A black businesswoman whose contribution to the civil rights struggle in Canada went largely unrecognized for decades has begun to assume her rightful place as a national hero, according to historians.
Thursday the city of Halifax officially launched a new harbour ferry named for Viola Desmond, whose simple act of defiance nearly 70 years ago exposed the injustice of racial segregation in her home province and elsewhere in Canada.
It’s the latest in a growing list of tributes for Desmond, who was briefly jailed in November, 1946, for sitting in a whites-only section of a segregated movie theatre in New Glasgow, N.S. A stamp was recently issued in her honour, and Desmond is also among the candidates to become the first woman featured on a Canadian banknote.
Graham Reynolds, a history professor at Cape Breton University, said Desmond’s story has gained more prominence over the past decade – in particular since 2010 when the Nova Scotia government apologized and granted a special pardon to Desmond, who died in 1965.
“There has been a tremendous raising of public awareness,” said Reynolds, the university’s Viola Desmond Chair in Social Justice. “More so in Nova Scotia, but she does have national stature.”
Desmond, who sold beauty products, was on a business trip to Sydney, N.S., when her car broke down. She decided to kill time while it was being repaired by attending a movie at the Roseland Theatre in New Glasgow.
Reynolds said Desmond, who had vision problems and wanted to be closer to the screen, would not have automatically assumed that the main section was whites-only. He said there was no legal underpinnings for segregation in Canada, where segregation became the norm under the principle of freedom of commerce.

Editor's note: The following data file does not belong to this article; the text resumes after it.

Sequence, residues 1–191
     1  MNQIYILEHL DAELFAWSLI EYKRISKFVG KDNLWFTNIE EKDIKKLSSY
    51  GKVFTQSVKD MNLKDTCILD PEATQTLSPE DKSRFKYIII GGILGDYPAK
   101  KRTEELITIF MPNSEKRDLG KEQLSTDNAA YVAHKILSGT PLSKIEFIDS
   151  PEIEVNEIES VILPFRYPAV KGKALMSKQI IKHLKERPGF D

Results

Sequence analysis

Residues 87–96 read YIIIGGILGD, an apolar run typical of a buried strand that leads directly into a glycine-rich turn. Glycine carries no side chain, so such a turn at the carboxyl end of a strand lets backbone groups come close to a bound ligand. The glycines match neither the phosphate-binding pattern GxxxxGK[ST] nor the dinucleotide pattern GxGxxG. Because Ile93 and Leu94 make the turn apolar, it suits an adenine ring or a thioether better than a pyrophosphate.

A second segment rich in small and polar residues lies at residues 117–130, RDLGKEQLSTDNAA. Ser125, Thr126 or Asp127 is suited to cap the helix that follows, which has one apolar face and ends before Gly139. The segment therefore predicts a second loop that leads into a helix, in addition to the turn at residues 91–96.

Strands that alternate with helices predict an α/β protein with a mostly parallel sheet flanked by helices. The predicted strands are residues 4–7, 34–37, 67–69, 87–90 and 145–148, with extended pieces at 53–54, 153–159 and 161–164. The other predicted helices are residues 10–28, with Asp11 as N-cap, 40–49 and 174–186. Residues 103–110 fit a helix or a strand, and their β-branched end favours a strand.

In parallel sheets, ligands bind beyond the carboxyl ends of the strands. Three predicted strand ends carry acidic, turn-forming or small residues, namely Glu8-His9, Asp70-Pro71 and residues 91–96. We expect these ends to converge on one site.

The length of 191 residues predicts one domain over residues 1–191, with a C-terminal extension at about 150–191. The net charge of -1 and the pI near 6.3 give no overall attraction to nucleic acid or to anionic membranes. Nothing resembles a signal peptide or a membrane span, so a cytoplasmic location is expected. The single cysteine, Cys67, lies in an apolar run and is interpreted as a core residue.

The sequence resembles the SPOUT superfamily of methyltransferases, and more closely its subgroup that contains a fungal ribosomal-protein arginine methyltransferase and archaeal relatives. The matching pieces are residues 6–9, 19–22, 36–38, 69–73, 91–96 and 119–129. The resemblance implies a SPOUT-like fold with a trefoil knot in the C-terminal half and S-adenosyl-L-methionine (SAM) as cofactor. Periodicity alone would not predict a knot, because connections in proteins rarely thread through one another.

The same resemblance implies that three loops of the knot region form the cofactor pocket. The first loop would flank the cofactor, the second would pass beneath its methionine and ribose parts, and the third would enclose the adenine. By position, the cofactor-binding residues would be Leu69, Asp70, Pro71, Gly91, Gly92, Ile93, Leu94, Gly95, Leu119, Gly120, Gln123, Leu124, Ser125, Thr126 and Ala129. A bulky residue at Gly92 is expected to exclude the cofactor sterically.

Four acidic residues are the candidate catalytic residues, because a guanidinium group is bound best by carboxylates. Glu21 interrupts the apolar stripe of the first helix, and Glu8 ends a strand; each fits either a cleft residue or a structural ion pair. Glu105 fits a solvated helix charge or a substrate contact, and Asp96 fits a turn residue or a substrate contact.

“In Canada … the practice of racial segregation was really a matter of local business practices,” he said.
Police were eventually brought in by management and Desmond was forcibly removed after refusing to leave her seat and she subsequently spent the night in jail.
She was eventually convicted of defrauding the province of a penny, which was the difference in price between the main seating area and the balcony. Desmond paid a $20 fine in addition to the theatre’s $6 court costs.
But her fight didn’t end there. Desmond returned to Halifax, where she rallied the black community to help her launch an appeal of her conviction.
However, that effort went down to defeat when the Nova Scotia Supreme Court dismissed an application for judicial review in 1947. Desmond eventually left Nova Scotia and died in New York City at the age of 50.
Desmond is often compared to U.S. civil rights hero Rosa Parks, who refused to give up her bus seat to a white passenger in Montgomery, Alabama, in 1955, nine years later. However, Reynolds points out that Parks had a social movement behind her and was already committed to social change as an activist.
“She (Desmond) wasn’t prepared,” Reynolds said. “She wasn’t an activist, she was a citizen that faced a situation and had the courage to stand up and resist.”
Isaac Saney, a professor at Dalhousie University, said in that respect Desmond’s stance was a “singular act of courage.”
“Whether she was part of a huge movement or stood on her own . . . the position she took deserves to be lauded and deserves to be recognized,” said Saney.
That recognition has gradually materialized with Canada Post issuing a commemorative postage stamp in 2012. There is also a display highlighting her story at the Canadian Museum for Human Rights in Winnipeg, and a Heritage Minute was launched last February.
Desmond won the most votes among five candidates in an online vote for the new Halifax ferry last winter.
Last month, Viola’s sister, Wanda Desmond, donated a collection of family documents – photographs, letters and other items – to Cape Breton University.
Desmond is on the short list of potential women to be the first featured on a Canadian banknote, due to be issued in 2018.
© 2016 The Canadian Press